Wednesday, November 14, 2007

Is Self Publishing the Right Choice for You and Your Book?

Copyright (c) 2007 Gail Richards

Self-publishing, although not a new phenomenon, is now a legitimate acceptable route to a published book for an author. In the self-publishing model, the author keeps the rights to his or her book but pays all the costs for producing, printing, and marketing the book and other ancillary products.

Self-publishing is a better option than it once was because technological advances have made it easier for an author to write, design, and create her own book. In addition, it is now more cost-effective to print in smaller quantities, meaning that the initial investment in printing and inventory is now more feasible for the average person.

To self-publish, an author must have enough capital to produce the book and enough time to write, produce, market, and ship the product. In essence, he or she starts a new business around his or her book.

One of the important choices to be made by self-publishers is to select a printer. Today, a number of printers specialize in books, particularly in printing small quantities. These are known as print-on-demand (POD) publishers. They are primarily printers, but they may add editorial or marketing services.

Most authors think of the difficulty of self-publishing as the logistics of knowing how to get a book designed and typeset and how much to spend to get a book printed. But this is the easy part. What is much more difficult is getting your book marketed appropriately and distributed in some way. It is still a reality that self-published books rarely find their way to bookstore shelves on a national level, and it is equally hard to find a distributor for them.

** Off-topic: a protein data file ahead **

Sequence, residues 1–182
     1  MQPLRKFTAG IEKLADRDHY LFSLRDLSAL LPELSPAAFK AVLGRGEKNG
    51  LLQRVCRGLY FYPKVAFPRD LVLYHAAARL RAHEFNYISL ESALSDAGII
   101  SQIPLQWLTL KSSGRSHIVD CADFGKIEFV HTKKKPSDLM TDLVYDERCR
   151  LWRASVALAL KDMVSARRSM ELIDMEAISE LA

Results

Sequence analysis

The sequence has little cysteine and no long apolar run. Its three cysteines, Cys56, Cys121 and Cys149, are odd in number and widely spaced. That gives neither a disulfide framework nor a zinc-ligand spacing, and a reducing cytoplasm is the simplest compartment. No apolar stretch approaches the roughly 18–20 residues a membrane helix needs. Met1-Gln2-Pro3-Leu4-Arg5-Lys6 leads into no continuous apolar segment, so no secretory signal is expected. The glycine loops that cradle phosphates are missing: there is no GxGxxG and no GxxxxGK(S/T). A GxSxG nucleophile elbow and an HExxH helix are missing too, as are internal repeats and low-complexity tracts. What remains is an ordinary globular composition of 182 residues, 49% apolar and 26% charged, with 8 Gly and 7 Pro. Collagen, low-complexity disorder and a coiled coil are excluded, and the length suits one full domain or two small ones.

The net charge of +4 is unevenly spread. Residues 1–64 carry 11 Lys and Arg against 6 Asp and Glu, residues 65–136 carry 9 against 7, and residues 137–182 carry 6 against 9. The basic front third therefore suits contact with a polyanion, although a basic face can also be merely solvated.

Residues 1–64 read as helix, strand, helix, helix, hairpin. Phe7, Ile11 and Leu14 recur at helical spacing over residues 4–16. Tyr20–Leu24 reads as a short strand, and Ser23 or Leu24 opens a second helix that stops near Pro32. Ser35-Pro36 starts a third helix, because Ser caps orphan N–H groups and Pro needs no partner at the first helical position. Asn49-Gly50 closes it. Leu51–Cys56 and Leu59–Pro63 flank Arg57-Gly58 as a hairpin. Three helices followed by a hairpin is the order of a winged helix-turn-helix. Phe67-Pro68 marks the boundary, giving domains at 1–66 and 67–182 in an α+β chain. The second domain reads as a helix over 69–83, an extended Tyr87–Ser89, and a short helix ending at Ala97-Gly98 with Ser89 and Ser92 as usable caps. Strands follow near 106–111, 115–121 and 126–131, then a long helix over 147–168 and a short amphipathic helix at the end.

The other drawback of self-publishing is that the printer will print whatever you send. If you send a book that hasn't been edited or proofread or that isn't commercially viable (meaning there really isn't an audience), the printer will do just as beautiful a job as if the book were an award-winner. In other words, no one will stop you from spending money on a book that isn't ready for publication.

Another approach is for the author to choose self-publishing first, establishing the book as viable in the market and then shopping for a traditional publisher. This accomplishes several objectives, one of which is to allow you to have a product to sell much more quickly since the typical traditional publisher will take twelve to eighteen months to get your book on the market after you sign the contract.

If you self-publish initially, you are likely to be more patient and find just the right publisher because you won't be in a hurry to get your book out. In addition, a traditional publisher will continue to allow you to sell your book while they are preparing your book with them. You will have a product to sell during a little over a year's preparation. The traditionally published book, in essence, becomes the second edition of your book.

About the Author

Gail Richards
is founder of a dynamic website connecting aspiring authors with the classes, audio library, tools, information and resources needed to make smart, informed decisions at each step in the nonfiction book publishing journey. Jan King is the founder of a membership organization devoted to supporting and coaching women who become successfully published nonfiction authors.

No comments: